eh 2022 report


Set against the backdrop of another challenging year – with the ongoing COVID-19 pandemic, war and social unrest, natural disasters and more – Earth Hour 2022 created an opportunity to gather in unity and show solidarity with people and the planet. Individuals, public figures and organizations from 192 countries and territories came together under the “Shape our Future” theme to call for a safer, fairer and more sustainable future for everyone.  We saw landmarks turn off their lights and supporters switch off at home, as well as a range of activities such as virtual concerts, mangrove planting, street clean-ups and virtual runs.

Public figures and celebrities, such as UN Secretary-General António Guterres, Justin Trudeau, Ellie Goulding, Iwan Rheon, Claudia Bahamón, Gianella Neyra, Mr Leo, Ben Pol, Liu Wen, Dilraba Dilmurat, Shruti Haasan and many more, also showed their support.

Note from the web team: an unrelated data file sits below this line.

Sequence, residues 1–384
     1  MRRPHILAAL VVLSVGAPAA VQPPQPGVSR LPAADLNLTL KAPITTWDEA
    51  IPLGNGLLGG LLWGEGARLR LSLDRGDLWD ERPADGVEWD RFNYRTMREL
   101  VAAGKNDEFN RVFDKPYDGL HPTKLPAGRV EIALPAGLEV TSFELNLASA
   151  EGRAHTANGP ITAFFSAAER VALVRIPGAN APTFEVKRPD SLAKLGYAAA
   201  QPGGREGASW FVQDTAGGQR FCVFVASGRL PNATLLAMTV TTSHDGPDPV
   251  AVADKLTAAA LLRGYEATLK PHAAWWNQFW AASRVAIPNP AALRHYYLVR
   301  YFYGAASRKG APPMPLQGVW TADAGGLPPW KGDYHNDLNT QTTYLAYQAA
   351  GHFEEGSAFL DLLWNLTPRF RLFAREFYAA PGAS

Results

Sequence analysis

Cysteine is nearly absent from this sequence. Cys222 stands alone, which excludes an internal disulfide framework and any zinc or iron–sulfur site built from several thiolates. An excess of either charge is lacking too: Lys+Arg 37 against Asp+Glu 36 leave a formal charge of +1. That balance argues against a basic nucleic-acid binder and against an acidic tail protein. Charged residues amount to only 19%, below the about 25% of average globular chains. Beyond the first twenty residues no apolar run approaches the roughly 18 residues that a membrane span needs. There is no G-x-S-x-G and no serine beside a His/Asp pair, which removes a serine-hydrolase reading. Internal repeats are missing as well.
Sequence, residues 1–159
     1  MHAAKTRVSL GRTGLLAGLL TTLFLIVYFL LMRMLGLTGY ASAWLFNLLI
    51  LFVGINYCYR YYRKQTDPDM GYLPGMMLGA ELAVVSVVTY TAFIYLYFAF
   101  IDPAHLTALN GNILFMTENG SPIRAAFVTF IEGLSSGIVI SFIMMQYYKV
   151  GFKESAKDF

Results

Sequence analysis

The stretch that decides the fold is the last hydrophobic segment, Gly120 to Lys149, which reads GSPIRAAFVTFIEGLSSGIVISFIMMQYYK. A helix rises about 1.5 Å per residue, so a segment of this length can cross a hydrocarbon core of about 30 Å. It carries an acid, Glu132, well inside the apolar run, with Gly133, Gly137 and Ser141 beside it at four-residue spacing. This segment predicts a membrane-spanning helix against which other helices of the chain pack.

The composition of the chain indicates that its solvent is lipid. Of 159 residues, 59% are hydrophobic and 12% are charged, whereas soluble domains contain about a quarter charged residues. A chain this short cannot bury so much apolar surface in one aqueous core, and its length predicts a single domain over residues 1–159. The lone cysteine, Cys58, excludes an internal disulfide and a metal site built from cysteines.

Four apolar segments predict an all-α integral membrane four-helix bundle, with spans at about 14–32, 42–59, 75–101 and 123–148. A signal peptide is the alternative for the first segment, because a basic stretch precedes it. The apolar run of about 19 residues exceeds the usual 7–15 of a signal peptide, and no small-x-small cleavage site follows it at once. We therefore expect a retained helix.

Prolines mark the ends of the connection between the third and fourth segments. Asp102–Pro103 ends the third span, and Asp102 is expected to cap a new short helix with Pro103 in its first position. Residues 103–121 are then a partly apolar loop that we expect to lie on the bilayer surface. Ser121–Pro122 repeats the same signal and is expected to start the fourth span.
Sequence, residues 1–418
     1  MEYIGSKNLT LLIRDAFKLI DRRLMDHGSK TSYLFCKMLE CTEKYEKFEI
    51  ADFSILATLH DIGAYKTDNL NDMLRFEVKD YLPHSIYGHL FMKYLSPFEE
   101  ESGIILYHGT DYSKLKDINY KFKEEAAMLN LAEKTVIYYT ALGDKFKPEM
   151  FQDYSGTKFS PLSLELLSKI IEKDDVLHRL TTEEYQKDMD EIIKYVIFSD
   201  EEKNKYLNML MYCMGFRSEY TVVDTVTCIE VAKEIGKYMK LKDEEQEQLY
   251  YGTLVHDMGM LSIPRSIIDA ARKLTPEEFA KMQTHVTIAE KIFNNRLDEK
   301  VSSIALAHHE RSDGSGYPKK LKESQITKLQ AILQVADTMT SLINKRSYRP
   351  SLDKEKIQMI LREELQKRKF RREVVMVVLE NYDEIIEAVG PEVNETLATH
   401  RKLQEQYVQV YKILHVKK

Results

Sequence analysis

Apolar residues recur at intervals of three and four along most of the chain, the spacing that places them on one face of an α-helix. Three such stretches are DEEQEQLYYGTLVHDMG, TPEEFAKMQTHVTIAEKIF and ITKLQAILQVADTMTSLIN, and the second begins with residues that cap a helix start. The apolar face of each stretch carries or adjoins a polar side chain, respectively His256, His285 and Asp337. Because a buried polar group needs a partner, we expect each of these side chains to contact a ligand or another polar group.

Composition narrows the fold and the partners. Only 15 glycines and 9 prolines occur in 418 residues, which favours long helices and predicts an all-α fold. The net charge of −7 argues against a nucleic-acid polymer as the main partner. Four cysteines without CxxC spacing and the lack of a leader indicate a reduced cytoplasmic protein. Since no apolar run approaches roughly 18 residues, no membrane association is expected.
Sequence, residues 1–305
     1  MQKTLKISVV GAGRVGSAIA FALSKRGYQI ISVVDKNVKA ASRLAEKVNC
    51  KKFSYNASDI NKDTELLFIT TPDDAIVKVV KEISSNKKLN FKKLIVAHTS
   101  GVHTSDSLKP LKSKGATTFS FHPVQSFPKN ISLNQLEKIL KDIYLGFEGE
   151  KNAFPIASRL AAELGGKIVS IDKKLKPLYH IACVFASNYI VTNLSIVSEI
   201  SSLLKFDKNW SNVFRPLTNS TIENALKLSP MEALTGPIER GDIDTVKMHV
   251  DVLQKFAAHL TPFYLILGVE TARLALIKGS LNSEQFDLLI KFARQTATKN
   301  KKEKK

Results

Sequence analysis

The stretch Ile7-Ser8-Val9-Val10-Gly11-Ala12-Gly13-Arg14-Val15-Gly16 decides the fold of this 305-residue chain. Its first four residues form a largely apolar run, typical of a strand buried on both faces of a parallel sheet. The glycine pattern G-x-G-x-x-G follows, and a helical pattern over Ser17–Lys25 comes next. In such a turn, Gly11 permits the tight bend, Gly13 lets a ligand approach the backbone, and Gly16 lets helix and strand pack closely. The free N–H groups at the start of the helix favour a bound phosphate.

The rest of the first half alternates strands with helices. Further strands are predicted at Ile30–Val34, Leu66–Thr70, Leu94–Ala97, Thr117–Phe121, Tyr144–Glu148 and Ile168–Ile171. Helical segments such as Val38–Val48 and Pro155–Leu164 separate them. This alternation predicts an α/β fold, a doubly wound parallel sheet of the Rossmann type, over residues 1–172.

With this outpouring of support, Earth Hour made media headlines across the world, generated a record-breaking 10.1+ billion social media impressions globally and trended across 35 countries on Twitter or Google search. All of this showed that despite these difficult times, a moment like Earth Hour could yet again bring people together – not only to show their solidarity with each other and the one home we all share, but to help build a world where all people and nature live in harmony. Thank you to each and every one of you who made this possible.

EH2021 Report Cover


Earth Hour has always drawn its power from the people and this year was no exception. With many parts of the world still facing lockdowns and COVID-19 restrictions, Earth Hour brought together more people than ever before to speak up for nature. We saw participation from a record breaking 192 countries and territories and over 9.6 billion social media impressions, more than double last year’s number of impressions!